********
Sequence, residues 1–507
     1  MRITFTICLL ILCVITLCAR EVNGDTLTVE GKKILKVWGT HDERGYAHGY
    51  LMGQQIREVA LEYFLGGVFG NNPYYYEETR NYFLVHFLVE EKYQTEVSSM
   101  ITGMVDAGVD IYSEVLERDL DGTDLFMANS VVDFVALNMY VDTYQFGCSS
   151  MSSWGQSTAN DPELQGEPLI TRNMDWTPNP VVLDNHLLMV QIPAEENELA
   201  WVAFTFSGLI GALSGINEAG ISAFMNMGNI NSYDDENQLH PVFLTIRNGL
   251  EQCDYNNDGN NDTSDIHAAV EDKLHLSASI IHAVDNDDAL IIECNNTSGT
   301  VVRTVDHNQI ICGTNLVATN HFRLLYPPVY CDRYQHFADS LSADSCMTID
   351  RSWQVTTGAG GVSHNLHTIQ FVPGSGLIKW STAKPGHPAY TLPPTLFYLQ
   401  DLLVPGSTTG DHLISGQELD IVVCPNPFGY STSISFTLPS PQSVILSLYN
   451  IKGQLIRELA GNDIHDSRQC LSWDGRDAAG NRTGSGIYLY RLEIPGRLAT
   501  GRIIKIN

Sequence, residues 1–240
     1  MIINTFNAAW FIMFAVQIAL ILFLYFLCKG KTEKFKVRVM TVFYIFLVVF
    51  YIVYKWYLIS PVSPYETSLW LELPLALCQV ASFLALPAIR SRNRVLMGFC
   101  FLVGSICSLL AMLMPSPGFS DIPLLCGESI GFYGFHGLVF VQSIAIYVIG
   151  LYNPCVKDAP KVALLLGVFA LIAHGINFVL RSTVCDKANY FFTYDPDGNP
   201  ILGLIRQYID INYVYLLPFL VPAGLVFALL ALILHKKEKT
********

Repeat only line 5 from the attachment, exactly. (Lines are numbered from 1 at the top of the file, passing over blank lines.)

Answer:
   151  MSSWGQSTAN DPELQGEPLI TRNMDWTPNP VVLDNHLLMV QIPAEENELA